80% of our wastewater comes from the production process. At our production location, this wastewater first undergoes a purification process. The sludge that is created as a result is captured and then turned into gas (1,600 tonnes per year) using fermentation. The purified wastewater then goes through a second purification process at the Hoogheemraadschap installations. This water is nutritious as it contains sugar, and bacteria from this type of water can turn contaminated water into benign substances. This wastewater can thus help the Hoogheemraadschap purification installation to purify water.
Chain responsibility and human rights
CSR risks and impact on the chain
Our raw materials tend to come from CSR risk areas, and we ask all our suppliers for certifications, such as Global Gap, GFSI and BSCI. Certificates, however, are important but do not always offer the guarantees we seek so we also carry out face-to-face visits with these suppliers. All our suppliers also sign up to our Business Practices. This document sets out criteria regarding the environment, human rights and employment conditions. Despite these measures, transparency in the chain remains a challenge. Unfortunately, we are rarely in a position to have a major impact because of two issues that make us less important to individual suppliers. First, we have multiple suppliers for the same raw materials to spread the risk of a failed harvest; second, we are a buyer of category 2 and 3 products, which are generally considered a ‘bycatch’ for suppliers.
100% of our suppliers have been audited against BSCI or an equivalent
100% of our suppliers are GFSI certified and 98% have Global GAP certification.
ICSR Covenant for Food Products
Our branch organisation, the FNLI, is committed to the ICSR covenant for Food Products. This provides an opportunity to collaborate on tackling the ICSR (International Corporate Social Responsibility) risks in the chain, with the support of other similar businesses. In 2022, within this context, we completed a self-assessment which confirmed that we already do a great deal with respect to ICSR. It also provided insights into the way in which we could integrate ICSR into our operations more effectively. In 2023, we will examine and set out the biggest risks in our chain. On this basis, we will draft an action plan to reduce these risks.
New jobs matrix and transparent remuneration policy
The dynamic in the labour market is increasing and this has dramatically increased the complexity of carrying out our core activities. This compels us to be agile, quick and resilient in a constantly changing environment and requires us to have an overview of and continuously connect with our employees.
For the purposes of creating order and being ready for the future, we have developed a new and transparent remuneration policy and robust jobs matrix that offer clarity regarding all existing roles, tasks, responsibilities and authorities, and the corresponding remuneration. This policy forms the basis for the use of other regulations and HR instruments, such as the growth model, personnel planning and the development of our employees. In essence, we have created a foundation to keep employees motivated and committed to the organisation so we can then focus on the smooth implementation of our HR policy. With a clear, transparent and fair policy in this context, we are also increasing the chances that employees will stay with us, even in the current employment market.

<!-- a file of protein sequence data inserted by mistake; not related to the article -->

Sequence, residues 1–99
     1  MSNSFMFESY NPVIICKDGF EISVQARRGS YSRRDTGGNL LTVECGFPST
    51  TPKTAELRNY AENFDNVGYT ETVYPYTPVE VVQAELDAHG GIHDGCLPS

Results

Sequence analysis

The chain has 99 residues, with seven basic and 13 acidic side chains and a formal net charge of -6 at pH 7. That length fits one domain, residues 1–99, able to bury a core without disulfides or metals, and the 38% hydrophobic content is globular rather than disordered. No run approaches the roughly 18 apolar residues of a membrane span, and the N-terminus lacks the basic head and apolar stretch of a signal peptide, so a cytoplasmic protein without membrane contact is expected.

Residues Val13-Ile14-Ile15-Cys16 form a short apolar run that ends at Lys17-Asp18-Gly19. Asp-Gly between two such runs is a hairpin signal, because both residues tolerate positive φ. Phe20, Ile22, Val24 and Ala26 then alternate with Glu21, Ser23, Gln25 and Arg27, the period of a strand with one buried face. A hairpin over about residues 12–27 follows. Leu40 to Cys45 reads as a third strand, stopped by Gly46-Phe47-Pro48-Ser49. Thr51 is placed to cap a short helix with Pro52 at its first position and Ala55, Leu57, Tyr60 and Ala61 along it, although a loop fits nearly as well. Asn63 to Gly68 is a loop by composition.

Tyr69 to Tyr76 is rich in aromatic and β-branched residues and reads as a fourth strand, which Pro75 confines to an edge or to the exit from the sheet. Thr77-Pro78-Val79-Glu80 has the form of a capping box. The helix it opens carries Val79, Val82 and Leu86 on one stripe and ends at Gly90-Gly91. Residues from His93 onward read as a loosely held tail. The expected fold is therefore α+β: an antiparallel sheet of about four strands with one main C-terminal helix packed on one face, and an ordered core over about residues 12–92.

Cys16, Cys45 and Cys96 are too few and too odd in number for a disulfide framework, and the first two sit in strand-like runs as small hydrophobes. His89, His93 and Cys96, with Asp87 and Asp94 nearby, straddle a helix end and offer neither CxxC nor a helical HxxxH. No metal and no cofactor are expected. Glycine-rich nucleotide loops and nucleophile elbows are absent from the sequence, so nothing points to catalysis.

Performance Management Policy
Once we have introduced the remuneration policy and jobs matrix, with the corresponding job handbook, we will have created the basis for introducing the Performance Management policy. We are thus creating connections between planning, coaching and supervising, assessing and rewarding.
The basic principle of the new Performance Management policy is that we wish to move towards a learning culture with a continuous dialogue about goals and development. We aim to give ownership to the employees themselves and increase engagement as a result.
We also believe that sufficient insights into the goals and progress among both supervisors and employees are required throughout the year to ensure prompt adjustments can be made where necessary. To this end, we use an online HR consultation cycle which encompasses 4 meeting moments.
Development of Vitality policy
Fit and vital employees are resilient and agile and can react to (market) developments. To create vital employees, we stimulate the development of our employees, offer good employment conditions and ensure we maintain an open and safe culture.
We have introduced a growth model that stimulates through-flow and in this, the development requirements of both the organisation and the employees are continuously aligned. This model provides insights into how the employee can grow from a ‘beginner’ role to other positions within the organisation. The growth model uses PDP meetings, part of the HR consultation cycle, to support the needs of both employees and supervisors.
Optimising employment conditions
In 2022, Hoogesteger adapted travel cost payments to compensate employees for price increases in this area. The untaxed mileage allowance was temporarily increased from € 0.19 per kilometre to € 0.25.
The introduction of a new jobs matrix, remuneration policy and salary scales in 2022 has ensured that employees have greater insights into vertical and/or horizontal through-flow opportunities within Hoogesteger.
In 2022, we began working on the development of a vitality budget that can be used to pay for a sports subscription or to buy a bicycle.
Culture change Hoogesteger
In 2022, we started working on a culture change programme in which we use a core team of employees and management to gain insights into our current culture and core values. During this programme, we will move towards a customer-focused culture with the corresponding, new core values.
Vitality will become a fixed feature in our company culture.
Opportunities and the development of expertise at Hoogesteger